Jul 2, 2014

Therapeutic hypothermia for neuroprotection: history, mechanisms, risks, and clinical applications

The Neurohospitalist
Lioudmila V KarnatovskaiaWilliam D Freeman

Abstract

The earliest recorded application of therapeutic hypothermia in medicine spans about 5000 years; however, its use has become widespread since 2002, following the demonstration of both safety and efficacy of regimens requiring only a mild (32°C-35°C) degree of cooling after cardiac arrest. We review the mechanisms by which hypothermia confers neuroprotection as well as its physiological effects by body system and its associated risks. With regard to clinical applications, we present evidence on the role of hypothermia in traumatic brain injury, intracranial pressure elevation, stroke, subarachnoid hemorrhage, spinal cord injury, hepatic encephalopathy, and neonatal peripartum encephalopathy. Based on the current knowledge and areas undergoing or in need of further exploration, we feel that therapeutic hypothermia holds promise in the treatment of patients with various forms of neurologic injury; however, additional quality studies are needed before its true role is fully known.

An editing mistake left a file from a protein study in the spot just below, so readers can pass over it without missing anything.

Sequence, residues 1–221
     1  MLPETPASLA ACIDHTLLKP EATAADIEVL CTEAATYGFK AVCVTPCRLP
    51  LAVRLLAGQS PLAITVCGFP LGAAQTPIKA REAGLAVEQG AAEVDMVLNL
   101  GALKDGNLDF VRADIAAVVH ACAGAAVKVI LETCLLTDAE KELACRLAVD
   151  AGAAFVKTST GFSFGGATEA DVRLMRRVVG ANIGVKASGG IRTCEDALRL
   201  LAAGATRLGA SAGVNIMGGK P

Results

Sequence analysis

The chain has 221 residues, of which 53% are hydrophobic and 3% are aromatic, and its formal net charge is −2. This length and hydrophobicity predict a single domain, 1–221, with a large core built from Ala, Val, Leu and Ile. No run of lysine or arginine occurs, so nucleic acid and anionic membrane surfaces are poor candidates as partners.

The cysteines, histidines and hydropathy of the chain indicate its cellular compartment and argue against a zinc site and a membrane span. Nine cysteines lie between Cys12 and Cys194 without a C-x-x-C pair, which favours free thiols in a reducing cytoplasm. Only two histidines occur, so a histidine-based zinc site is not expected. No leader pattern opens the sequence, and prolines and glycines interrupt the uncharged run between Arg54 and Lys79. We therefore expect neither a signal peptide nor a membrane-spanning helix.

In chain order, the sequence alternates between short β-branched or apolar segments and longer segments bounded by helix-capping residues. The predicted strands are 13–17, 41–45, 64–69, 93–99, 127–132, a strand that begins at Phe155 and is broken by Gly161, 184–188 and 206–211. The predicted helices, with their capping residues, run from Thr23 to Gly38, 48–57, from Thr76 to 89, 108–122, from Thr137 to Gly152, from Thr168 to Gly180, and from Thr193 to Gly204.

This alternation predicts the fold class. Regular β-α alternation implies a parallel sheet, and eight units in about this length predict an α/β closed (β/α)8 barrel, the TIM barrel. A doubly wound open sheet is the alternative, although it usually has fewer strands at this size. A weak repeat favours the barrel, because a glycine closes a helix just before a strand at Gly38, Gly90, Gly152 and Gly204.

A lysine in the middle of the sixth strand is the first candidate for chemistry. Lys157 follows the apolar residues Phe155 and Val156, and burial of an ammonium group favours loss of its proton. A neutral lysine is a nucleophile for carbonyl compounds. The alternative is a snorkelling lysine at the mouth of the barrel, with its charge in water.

• References75
  • Citations32

References

  • References75
  • Citations32

Citations

Mentioned in this Paper

Brain Injuries
Malignant Neoplasm of Spinal Cord
Neuroprotection
Neoplasm of Uncertain or Unknown Behavior of Spinal Cord
Hepatic Encephalopathy
Spinal Cord Diseases
Benign Neoplasm of Spinal Cord
Entire Body System
Intracranial Pressure
Brain Damage, Chronic

Related Feeds

Brain Injury & Trauma

brain injury after impact to the head is due to both immediate mechanical effects and delayed responses of neural tissues.

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